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Who is winning the online grocery war?

Amazon may be grabbing more online grocery wallet share, but traditional retailers are not out of the race yet.

At the beginning of summer 2018, Amazon captured 30% of online grocery spending in the United States. However, the traditional supermarket channel captures about the same share of this market, according to a new consumer survey from Brick Meets Click, a strategic advisory firm.

Amazon continues to transform how households shop for groceries through services like Subscribe & Save, AmazonFresh, Prime Pantry, Prime Now, and its recent acquisitions of Quidsi and Whole Foods Market. Yet, there are opportunities available to supermarket companies that will enable them to maintain — and grow — their own market share.

For example, of the 77% of the households that are buying products or services from Amazon, only 11% bought groceries from the online retailer in the past 30 days. Households that do buy groceries online are shopping with supermarkets more than two times per month as compared to 1.7 times each month from Amazon.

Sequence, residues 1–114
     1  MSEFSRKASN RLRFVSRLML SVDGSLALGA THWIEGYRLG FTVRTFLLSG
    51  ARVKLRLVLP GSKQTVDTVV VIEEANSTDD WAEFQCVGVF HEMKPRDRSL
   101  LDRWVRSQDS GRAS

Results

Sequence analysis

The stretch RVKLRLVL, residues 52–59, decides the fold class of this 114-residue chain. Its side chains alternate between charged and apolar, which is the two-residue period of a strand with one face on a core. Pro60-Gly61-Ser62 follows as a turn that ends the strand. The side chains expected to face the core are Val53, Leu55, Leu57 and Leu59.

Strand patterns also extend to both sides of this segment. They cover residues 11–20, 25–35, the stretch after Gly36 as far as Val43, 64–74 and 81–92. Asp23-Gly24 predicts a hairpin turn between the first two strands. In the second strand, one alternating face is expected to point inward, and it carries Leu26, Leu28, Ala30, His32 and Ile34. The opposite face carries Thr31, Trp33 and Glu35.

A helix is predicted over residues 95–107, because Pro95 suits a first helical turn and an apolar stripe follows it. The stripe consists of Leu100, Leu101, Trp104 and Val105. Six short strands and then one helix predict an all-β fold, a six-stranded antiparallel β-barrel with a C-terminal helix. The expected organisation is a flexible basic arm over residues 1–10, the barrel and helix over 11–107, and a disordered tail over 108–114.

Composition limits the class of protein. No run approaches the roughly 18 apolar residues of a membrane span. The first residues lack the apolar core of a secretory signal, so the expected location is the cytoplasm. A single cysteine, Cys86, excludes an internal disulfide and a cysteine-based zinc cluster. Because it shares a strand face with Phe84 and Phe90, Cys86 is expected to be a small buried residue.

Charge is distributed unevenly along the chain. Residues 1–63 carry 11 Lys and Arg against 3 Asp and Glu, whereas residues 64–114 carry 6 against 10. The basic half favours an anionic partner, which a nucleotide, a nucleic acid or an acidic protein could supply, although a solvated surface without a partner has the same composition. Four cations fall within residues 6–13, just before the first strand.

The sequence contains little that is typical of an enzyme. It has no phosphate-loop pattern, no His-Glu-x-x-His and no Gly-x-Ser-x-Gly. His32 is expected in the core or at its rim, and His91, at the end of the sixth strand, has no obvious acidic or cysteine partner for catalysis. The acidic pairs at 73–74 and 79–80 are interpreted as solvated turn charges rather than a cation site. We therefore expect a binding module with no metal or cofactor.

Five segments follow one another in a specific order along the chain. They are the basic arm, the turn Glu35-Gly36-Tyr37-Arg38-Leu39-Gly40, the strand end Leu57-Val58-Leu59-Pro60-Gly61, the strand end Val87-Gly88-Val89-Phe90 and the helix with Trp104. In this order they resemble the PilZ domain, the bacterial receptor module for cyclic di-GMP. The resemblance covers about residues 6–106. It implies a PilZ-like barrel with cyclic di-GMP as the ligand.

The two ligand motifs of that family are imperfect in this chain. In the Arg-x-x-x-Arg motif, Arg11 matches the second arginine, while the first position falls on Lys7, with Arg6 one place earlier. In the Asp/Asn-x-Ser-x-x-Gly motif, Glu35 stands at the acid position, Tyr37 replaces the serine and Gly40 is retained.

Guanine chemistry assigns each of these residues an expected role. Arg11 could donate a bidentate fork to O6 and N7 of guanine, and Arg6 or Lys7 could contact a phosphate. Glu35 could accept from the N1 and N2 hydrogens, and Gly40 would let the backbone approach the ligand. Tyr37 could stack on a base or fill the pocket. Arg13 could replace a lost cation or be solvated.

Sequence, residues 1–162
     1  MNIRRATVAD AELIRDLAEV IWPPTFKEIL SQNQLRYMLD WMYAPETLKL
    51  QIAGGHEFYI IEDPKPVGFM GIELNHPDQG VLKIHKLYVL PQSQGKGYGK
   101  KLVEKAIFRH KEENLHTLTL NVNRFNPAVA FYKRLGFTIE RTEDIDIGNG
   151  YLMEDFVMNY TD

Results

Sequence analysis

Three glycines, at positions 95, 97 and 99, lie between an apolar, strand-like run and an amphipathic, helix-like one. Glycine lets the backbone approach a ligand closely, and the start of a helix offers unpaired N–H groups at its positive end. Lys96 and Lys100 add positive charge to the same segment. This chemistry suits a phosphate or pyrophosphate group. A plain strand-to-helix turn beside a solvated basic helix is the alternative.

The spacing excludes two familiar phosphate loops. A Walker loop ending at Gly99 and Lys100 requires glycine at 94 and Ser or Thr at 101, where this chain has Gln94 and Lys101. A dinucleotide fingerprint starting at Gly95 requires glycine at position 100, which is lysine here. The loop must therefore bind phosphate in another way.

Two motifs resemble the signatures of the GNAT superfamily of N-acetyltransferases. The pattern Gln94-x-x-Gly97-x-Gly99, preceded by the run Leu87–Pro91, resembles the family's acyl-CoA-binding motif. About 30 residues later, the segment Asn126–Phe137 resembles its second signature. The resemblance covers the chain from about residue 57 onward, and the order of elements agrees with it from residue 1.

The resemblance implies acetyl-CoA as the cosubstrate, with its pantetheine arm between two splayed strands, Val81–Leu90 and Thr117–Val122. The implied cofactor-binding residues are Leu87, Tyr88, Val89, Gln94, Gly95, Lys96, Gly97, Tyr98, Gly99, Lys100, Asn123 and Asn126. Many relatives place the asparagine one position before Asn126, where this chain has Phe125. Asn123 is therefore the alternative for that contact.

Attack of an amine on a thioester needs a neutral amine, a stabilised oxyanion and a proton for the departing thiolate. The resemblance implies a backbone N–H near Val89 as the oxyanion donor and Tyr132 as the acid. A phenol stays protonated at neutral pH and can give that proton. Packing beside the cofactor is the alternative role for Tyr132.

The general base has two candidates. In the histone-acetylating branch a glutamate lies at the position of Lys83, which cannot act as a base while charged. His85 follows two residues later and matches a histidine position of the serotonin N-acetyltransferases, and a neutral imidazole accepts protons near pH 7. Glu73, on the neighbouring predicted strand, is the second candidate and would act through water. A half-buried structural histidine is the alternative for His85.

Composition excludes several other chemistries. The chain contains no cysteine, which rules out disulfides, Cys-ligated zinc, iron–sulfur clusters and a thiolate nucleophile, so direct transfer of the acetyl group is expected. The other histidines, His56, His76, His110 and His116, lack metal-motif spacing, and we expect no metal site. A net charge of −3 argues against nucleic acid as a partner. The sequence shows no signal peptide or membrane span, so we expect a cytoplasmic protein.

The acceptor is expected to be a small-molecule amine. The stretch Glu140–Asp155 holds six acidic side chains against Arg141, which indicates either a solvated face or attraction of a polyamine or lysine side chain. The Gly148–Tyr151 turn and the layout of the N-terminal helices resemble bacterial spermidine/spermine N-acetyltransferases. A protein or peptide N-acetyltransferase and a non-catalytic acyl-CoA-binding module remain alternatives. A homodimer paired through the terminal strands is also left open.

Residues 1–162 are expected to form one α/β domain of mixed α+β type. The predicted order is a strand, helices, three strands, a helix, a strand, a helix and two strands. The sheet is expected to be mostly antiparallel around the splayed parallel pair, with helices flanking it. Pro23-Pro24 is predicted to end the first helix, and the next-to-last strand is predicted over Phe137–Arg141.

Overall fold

The average grocery order for customers buying from Amazon is $45. This significantly trails what customers spend online at supermarkets ($116) or even online delivery platforms like Fresh Direct and Peapod ($143).

The advantage for supermarkets is that they outperform Amazon in terms of both purchase frequency and sales per order. To protect their shopper base and attract more online trips, supermarkets will likely leverage these strengths and plus their physical locations to make online grocery shopping even easier. This strategy will also reinforce the value of the in-store shopping experience, according to the research.

“Until recently, Amazon’s success relied heavily on leveraging its ability to overcome the physical constraints that the limit the reach and the breadth of assortment brick-and-mortar retailers can offer,” said David Bishop, partner at Brick Meets Click.

“To grow grocery market share, Amazon needs to strengthen its physical presence and persuade consumers to buy highly perishable products from it,” Bishop added. “Whole Foods connection to Prime Now and exclusive Prime membership benefits will help to varying degrees, but more moves are clearly needed.”
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